Does mental health care need a whistleblower like Facebook?
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Facebook is facing some ominous music. Among the concerns of the whistleblower Frances Haugen, who has been testifying before the Senate Commerce, Science and Transportation subcommittee, are mental health ones. We touched on one of them, the apparent suicidal risks for teenage girls, in our video from September 29, “Daughters Overcoming Ecocide and Suicide.”
Worse yet, perhaps, are the Facebook parallels with many of our health and mental health care systems. Putting profits over people? Check. Those business-controlled systems often put profits over patients, as I discussed in detail in my 1997 book The Ethical Way: Challenges & Solutions for Managed Behavioral Healthcare.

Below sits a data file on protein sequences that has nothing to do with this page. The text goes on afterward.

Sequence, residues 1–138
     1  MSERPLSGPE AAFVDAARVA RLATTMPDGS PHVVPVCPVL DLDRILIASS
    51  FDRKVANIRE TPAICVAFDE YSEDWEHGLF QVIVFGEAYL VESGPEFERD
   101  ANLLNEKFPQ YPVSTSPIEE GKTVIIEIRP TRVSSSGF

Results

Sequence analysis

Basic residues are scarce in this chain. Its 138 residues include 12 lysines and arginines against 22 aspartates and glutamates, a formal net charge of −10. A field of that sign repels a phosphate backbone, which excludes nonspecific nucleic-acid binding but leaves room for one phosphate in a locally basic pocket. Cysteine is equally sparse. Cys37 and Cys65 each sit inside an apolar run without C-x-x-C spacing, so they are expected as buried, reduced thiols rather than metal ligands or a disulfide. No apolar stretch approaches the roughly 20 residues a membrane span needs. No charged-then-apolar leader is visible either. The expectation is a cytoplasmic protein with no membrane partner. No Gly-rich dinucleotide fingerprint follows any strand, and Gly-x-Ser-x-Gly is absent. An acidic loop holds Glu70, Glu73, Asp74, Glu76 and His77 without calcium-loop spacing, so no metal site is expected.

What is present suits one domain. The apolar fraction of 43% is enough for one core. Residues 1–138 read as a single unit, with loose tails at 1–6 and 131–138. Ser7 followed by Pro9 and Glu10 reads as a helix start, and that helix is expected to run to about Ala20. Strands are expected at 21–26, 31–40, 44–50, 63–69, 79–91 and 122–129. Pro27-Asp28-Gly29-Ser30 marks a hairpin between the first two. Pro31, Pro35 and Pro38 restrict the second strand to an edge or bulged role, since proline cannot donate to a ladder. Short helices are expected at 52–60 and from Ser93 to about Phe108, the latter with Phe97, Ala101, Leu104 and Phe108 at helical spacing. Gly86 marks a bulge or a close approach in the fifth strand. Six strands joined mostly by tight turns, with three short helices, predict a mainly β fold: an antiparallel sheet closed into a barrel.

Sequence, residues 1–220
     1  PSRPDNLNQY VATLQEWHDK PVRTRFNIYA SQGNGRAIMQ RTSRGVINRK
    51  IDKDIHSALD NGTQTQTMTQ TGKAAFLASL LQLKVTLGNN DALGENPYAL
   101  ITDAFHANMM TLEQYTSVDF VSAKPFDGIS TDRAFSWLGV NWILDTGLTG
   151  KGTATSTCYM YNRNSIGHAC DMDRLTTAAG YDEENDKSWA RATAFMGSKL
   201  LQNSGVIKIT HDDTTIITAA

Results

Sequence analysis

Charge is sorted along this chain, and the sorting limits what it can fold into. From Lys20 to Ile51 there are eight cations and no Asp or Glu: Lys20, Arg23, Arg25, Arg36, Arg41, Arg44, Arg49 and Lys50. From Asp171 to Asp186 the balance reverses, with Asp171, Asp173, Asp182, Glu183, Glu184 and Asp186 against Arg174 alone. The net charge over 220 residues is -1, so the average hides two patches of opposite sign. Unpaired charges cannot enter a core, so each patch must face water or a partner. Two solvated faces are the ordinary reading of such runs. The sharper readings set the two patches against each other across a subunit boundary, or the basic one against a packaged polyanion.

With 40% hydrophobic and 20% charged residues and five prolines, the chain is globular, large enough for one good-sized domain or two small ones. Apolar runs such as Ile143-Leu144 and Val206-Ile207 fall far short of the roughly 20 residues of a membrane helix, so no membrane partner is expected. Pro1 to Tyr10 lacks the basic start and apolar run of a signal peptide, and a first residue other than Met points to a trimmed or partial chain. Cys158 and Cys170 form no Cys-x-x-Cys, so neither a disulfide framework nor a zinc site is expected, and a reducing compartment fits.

Hidden algorithms? Check. Our for-profit managed care companies can have hidden algorithms for determining medical necessity, which in turn determines reimbursement.
Liability? Check. For-profit managed care companies have largely escaped liability, as has Facebook so far.
Engagement? Check. Social media platforms are psychologically designed to keep users engaged, while managed care and related companies do that by requiring networks of clinicians to be used. All in all, such systems put business ethics over health care ethics.
So far, though, we have not had a significant whistleblower. I hope 1 or more will emerge, and soon. If not, perhaps Congress can turn its attention to our mental health care systems.
Dr Moffic is an award-winning psychiatrist who has specialized in the cultural and ethical aspects of psychiatry. A prolific writer and speaker, he received the one-time designation of Hero of Public Psychiatry from the Assembly of the American Psychiatric Association in 2002. He is an advocate for mental health issues relate to climate instability, burnout, Islamophobia, and anti-Semitism for a better world. He serves on the Editorial Board of Psychiatric TimesTM.